Delirium by Lauren Oliver

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Delirium by Lauren Oliver

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Category: Teens
Rating: 4/5
Reviewer: Robert James
Reviewed by Robert James
Summary: Despite some minor issues with the world-building, Lauren Oliver’s second novel is a gripping dystopian romance.
Buy? Yes Borrow? Yes
Pages: 400 Date: February 2011
Publisher: Hodder & Stoughton
External links: Author's website
ISBN: 978-0340980910

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Imagine a world without love... Where romance was dead, parents felt no affection for their children, and Romeo and Juliet was studied as a cautionary tale. Lena's world has nearly reached that stage. The cure has been found for amor deliria nervosa, and is given to all children when they reach the age of 18. After her mother's suicide for love Lena is desperate to reach that age and receive the cure. She knows things will change - she's seen the effect it has on those who go through it and the way it makes them all calmer - but she's ready to welcome it. And then she meets a boy, and her views on love are turned completely upside down. But with the date of the cure so close, can she possibly do anything about her new feelings?

There's no question at all that Delirium is beautifully written and that Lena is a fantastic main character who develops really well as she falls in love for the first time and finds her world changed completely. I also absolutely adored the extracts from the anti-love propaganda which started each chapter and found the novel a highly entertaining read. That said, my main problem with the book is that the society itself seems so ridiculously unlikely. Why ban love? There are vague attempts to justify this with comments about the damage it did to people and the problems it caused, but there never seems to be a strong reason for why the majority of society would be happy to go along with this. Having said that, Oliver's writing is so engaging that I didn't really take much notice of how implausible it was until I got to the end and thought about it a bit - and that ending completely blew me away, a really stunning finale.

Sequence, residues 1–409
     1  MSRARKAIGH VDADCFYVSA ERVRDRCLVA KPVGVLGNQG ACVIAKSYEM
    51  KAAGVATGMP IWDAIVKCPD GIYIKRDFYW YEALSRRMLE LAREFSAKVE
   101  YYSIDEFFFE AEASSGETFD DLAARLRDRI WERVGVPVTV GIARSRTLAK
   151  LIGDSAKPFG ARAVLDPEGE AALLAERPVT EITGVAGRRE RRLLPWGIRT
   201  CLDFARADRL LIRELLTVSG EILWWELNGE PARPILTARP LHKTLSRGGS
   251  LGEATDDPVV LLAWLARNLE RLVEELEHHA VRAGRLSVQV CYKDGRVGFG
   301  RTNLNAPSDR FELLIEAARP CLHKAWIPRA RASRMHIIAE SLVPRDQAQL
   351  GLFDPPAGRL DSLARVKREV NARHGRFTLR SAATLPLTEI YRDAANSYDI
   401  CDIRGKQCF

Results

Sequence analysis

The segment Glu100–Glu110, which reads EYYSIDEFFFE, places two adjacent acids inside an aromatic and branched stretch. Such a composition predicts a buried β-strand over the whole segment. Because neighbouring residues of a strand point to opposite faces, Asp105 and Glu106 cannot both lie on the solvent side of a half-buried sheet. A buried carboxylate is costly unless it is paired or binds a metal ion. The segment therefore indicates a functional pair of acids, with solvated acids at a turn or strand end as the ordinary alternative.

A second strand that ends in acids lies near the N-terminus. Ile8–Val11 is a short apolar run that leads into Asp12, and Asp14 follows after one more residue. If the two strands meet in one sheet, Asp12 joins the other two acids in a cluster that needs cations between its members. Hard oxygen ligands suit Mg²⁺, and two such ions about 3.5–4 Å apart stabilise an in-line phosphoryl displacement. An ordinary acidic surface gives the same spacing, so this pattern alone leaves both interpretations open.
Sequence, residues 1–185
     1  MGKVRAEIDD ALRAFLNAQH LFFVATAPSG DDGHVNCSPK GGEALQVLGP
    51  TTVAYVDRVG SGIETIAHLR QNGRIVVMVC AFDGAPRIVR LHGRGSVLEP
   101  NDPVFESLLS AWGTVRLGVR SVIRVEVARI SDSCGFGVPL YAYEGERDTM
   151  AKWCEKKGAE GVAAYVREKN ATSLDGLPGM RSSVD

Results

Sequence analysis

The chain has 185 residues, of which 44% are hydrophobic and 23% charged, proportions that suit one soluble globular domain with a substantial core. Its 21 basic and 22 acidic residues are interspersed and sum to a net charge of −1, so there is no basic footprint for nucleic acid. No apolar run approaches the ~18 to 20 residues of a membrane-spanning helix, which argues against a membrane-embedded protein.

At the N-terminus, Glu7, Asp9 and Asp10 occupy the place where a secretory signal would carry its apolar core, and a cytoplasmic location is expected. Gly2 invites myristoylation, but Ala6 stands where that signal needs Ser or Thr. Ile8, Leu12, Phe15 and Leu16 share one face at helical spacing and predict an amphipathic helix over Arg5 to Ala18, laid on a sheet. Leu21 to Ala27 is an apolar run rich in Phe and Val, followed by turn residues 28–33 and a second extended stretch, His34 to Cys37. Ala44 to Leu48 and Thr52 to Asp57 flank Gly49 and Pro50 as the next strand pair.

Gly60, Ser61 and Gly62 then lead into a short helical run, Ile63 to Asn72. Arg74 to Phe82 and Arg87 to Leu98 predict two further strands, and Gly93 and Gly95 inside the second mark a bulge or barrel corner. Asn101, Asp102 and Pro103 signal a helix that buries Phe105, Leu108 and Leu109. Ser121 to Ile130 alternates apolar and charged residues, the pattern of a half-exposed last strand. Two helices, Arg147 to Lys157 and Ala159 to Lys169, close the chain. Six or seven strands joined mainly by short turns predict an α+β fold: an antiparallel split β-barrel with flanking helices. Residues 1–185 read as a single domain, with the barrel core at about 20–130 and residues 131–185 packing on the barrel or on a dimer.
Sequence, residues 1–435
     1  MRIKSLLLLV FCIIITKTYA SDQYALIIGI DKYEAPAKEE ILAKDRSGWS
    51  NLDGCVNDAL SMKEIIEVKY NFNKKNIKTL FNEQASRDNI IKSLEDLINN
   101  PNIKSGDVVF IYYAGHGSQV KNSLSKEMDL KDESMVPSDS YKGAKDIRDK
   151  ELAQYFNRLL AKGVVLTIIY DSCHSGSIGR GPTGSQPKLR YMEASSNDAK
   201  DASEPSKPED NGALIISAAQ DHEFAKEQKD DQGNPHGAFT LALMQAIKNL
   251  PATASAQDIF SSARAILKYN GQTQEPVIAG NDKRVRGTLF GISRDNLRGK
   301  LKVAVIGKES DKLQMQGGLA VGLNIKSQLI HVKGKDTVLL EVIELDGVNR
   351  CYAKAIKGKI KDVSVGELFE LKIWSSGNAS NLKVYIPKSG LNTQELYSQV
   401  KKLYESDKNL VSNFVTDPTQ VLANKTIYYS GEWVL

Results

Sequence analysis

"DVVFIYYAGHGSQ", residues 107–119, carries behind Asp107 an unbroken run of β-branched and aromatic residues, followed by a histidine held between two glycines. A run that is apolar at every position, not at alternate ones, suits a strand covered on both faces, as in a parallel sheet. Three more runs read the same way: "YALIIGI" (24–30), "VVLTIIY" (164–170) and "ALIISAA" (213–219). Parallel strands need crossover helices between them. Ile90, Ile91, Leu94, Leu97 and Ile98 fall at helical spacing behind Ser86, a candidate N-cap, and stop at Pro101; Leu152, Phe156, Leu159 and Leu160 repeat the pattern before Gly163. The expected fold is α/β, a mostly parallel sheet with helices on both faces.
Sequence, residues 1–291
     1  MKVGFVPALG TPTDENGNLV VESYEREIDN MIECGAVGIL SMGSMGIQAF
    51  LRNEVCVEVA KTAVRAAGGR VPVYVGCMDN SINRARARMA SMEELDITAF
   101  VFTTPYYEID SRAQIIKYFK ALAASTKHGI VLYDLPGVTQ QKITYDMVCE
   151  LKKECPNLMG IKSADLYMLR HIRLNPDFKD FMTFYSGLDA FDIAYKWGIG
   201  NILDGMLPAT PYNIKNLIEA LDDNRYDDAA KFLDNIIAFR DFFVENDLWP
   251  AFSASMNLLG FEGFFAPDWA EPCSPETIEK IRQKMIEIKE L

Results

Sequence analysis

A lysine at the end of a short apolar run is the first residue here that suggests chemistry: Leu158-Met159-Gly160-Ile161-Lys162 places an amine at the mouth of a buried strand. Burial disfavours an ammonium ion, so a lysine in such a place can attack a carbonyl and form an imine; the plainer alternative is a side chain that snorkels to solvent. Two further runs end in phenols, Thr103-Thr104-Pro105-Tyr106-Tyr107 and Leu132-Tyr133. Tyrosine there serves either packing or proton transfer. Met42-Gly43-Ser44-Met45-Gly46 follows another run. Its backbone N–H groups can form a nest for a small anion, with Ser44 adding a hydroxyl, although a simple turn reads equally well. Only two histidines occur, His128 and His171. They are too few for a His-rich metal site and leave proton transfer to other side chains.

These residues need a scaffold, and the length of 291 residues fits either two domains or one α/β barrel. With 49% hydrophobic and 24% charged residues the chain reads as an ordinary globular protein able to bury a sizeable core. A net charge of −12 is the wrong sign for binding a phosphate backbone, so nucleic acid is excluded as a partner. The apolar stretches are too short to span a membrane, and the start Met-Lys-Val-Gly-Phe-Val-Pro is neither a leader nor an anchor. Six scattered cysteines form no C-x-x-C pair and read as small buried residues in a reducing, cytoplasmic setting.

Overall this is perhaps just below the very cream of the crop but is a strong recommendation and very unlikely to disappoint any fans of dystopian fiction or romance against the odds. I look forward to reading the rest of the series!

Further reading suggestion: Similarly, fantastic dystopian themes can be found in The Hunger Games by Suzanne Collins and Tomorrow When The War Began by John Marsden. We also liked Broken Things by Lauren Oliver. You might like to have a look at Ghostgirl by Tonya Hurley, although it is a much lighter read.

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